Cleveland celebrates art scene

FRONTArt+International+promoted+a+new+installation+titled+Judy%27s+Hand%2C+which+will+be+on+display+in+front+of+Cleveland%27s+MOCA+this+summer.+According+to+CWRU%27s+Putnam+Collection+Chair+Kathy+Barrie%2C+the+sculpture+is+the+collection%27s+biggest+installation+in+recent+history.
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Cleveland celebrates art scene

FRONTArt International promoted a new installation titled Judy's Hand, which will be on display in front of Cleveland's MOCA this summer. According to CWRU's Putnam Collection Chair Kathy Barrie, the sculpture is the collection's biggest installation in recent history.

FRONTArt International promoted a new installation titled Judy's Hand, which will be on display in front of Cleveland's MOCA this summer. According to CWRU's Putnam Collection Chair Kathy Barrie, the sculpture is the collection's biggest installation in recent history.

Nick Natko

FRONTArt International promoted a new installation titled Judy's Hand, which will be on display in front of Cleveland's MOCA this summer. According to CWRU's Putnam Collection Chair Kathy Barrie, the sculpture is the collection's biggest installation in recent history.

Nick Natko

Nick Natko

FRONTArt International promoted a new installation titled Judy's Hand, which will be on display in front of Cleveland's MOCA this summer. According to CWRU's Putnam Collection Chair Kathy Barrie, the sculpture is the collection's biggest installation in recent history.

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When Case Western Reserve University students return from their summer vacations, they may notice something different about Toby’s Plaza outside the Museum of Contemporary Art Cleveland (MOCA). A giant, silver fiberglass hand, designed by artist Tony Tasset, will jut out from the grassy field after it is placed on campus over the summer.

The sculpture, titled Judy’s Hand Pavilion, is a collaboration between FRONTArt, an international art organization, and the Putnam Collection, CWRU’s public art fund. The sculpture is named after abstract artist Judy Ledgerwood, and will function as a pavilion for concerts and other events.

Judy’s Hand Pavilion was a focal point of FRONT International at CWRU on March 26, an event that served as an overview of FRONT’s plan for Cleveland Triennial for Contemporary Art. The festival, which will run from July 14 through Sept. 30, is the first of its kind in North America, according to FRONT Director of Public Programs and Engagement Arlene Watson.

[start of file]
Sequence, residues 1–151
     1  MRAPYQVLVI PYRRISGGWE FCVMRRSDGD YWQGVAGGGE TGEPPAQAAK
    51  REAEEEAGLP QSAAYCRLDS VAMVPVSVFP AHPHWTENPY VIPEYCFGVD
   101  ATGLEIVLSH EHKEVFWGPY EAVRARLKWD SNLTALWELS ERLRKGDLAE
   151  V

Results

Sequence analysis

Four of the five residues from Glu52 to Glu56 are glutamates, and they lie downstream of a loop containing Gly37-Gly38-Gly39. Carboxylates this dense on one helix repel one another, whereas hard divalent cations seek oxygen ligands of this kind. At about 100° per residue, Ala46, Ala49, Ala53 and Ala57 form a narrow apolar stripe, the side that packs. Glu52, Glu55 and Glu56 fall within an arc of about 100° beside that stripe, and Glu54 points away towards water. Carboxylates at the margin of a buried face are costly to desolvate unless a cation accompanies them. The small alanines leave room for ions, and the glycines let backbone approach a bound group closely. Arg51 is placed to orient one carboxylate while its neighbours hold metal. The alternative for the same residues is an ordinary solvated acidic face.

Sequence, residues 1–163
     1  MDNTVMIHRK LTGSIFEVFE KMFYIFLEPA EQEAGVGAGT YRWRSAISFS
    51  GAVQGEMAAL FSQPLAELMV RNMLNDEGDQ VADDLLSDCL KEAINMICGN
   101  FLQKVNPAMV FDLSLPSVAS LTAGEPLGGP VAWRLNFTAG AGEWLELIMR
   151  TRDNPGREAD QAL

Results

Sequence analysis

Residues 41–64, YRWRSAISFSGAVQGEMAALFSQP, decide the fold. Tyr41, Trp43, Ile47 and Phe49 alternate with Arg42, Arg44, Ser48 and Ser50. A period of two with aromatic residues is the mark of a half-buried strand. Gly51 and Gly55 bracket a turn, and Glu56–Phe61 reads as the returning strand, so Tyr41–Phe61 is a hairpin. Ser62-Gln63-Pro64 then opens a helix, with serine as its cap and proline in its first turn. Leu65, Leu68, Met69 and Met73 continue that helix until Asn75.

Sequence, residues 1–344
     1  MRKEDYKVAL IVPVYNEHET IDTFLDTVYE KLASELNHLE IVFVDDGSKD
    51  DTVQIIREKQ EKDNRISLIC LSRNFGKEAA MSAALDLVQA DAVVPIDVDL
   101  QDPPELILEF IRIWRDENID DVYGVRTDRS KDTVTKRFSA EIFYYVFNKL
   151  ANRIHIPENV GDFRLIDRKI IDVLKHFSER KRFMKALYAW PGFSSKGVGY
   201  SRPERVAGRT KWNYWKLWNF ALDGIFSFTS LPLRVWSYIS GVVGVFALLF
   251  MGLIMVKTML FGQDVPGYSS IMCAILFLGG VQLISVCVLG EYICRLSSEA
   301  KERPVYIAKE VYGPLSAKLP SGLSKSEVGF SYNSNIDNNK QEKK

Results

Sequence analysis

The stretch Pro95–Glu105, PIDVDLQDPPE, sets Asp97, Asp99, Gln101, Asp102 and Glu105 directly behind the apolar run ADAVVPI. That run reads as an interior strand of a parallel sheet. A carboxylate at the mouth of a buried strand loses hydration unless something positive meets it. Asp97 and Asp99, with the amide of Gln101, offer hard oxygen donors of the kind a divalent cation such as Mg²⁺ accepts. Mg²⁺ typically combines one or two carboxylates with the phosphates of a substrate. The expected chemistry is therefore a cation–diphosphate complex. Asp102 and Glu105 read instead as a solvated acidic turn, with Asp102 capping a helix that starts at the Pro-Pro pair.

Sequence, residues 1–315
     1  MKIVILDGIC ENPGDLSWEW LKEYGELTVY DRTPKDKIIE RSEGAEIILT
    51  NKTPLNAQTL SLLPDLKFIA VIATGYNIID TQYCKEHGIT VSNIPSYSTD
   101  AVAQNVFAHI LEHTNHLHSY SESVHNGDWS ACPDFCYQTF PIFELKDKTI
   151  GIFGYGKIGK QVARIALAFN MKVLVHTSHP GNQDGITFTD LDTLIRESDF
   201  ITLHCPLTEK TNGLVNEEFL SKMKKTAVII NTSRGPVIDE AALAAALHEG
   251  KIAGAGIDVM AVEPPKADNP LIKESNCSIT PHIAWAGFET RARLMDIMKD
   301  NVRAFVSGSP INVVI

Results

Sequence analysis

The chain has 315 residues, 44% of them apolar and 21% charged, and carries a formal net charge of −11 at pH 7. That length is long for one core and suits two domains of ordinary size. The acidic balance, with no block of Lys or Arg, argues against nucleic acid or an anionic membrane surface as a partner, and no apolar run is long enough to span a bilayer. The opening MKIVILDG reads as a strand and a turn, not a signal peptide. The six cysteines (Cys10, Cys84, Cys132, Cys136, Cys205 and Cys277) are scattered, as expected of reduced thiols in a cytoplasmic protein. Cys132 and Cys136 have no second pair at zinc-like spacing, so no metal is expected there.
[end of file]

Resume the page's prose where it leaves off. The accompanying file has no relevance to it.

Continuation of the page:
“Judy’s Hand is the biggest [installation] we have done in a while,” Putnam Collection Chair Kathy Barrie said. “We think it will be a star of the exhibition.”

The Baker-Nord Center for the Humanities also established a “hand grant” for students who wish to hold events at the installation. Individual students, student organizations, staff and faculty can apply for up to 500 dollars in grant money if they submit an idea for an event which will inspire further engagement with the sculpture.

“I want to facilitate ways for students to socialize in that middle ground that’s not intimidatingly intellectual or party-alcohol-centric,” Brian Clites, Associate Director of the Baker Nord Center said.

FRONT’s Triennial will feature over 100 artists, according to Watson. Many of these artists are international, from countries including China, Mexico and Nigeria.

As part of its international outreach, FRONT is currently hosting 16 international artists in residence at their central complex, The Madison Residences, in Glenville. Adjacent to The Madison Residences is FRONTporch, an exhibition venue for artists and a place for artist and community interaction.

Most of the pieces are unconventional and tailor-made for their display areas. John Riepenhoff, for example, is creating a special sausage he dubs “Cleveland Curry Koji Wurst,” according to Watson, to reflect the diverse culinary scene of Cleveland.

“There’s not a lot of interaction between the public and the art, so it is a great opportunity,” CWRU Professor of Digital Photography, Barney Taxel, said regarding the Triennial. “We have museums where you can go quietly and curators will explain the meaning of the art; but how often do you have the opportunity to see art made to be installed in your town and have a conversation with the artist?”

Every FRONT exhibition will be free to the public in Cleveland every three years under a different artistic director each time.

“What we hope to accomplish through this really ambitious exhibition is more idea generation and the opportunity for contemporary art in this region to be on the same stage as New York, LA or Venice,” Watson said.